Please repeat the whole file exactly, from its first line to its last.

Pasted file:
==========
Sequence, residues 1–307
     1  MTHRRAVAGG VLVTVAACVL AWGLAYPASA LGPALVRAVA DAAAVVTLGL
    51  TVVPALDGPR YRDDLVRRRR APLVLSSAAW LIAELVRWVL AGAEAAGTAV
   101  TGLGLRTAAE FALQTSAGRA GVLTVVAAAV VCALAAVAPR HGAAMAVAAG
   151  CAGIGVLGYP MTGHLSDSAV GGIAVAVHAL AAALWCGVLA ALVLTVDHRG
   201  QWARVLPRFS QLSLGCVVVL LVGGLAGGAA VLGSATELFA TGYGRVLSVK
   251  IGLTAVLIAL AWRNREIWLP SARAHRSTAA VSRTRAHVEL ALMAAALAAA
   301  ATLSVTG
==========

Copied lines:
Sequence, residues 1–307
     1  MTHRRAVAGG VLVTVAACVL AWGLAYPASA LGPALVRAVA DAAAVVTLGL
    51  TVVPALDGPR YRDDLVRRRR APLVLSSAAW LIAELVRWVL AGAEAAGTAV
   101  TGLGLRTAAE FALQTSAGRA GVLTVVAAAV VCALAAVAPR HGAAMAVAAG
   151  CAGIGVLGYP MTGHLSDSAV GGIAVAVHAL AAALWCGVLA ALVLTVDHRG
   201  QWARVLPRFS QLSLGCVVVL LVGGLAGGAA VLGSATELFA TGYGRVLSVK
   251  IGLTAVLIAL AWRNREIWLP SARAHRSTAA VSRTRAHVEL ALMAAALAAA
   301  ATLSVTG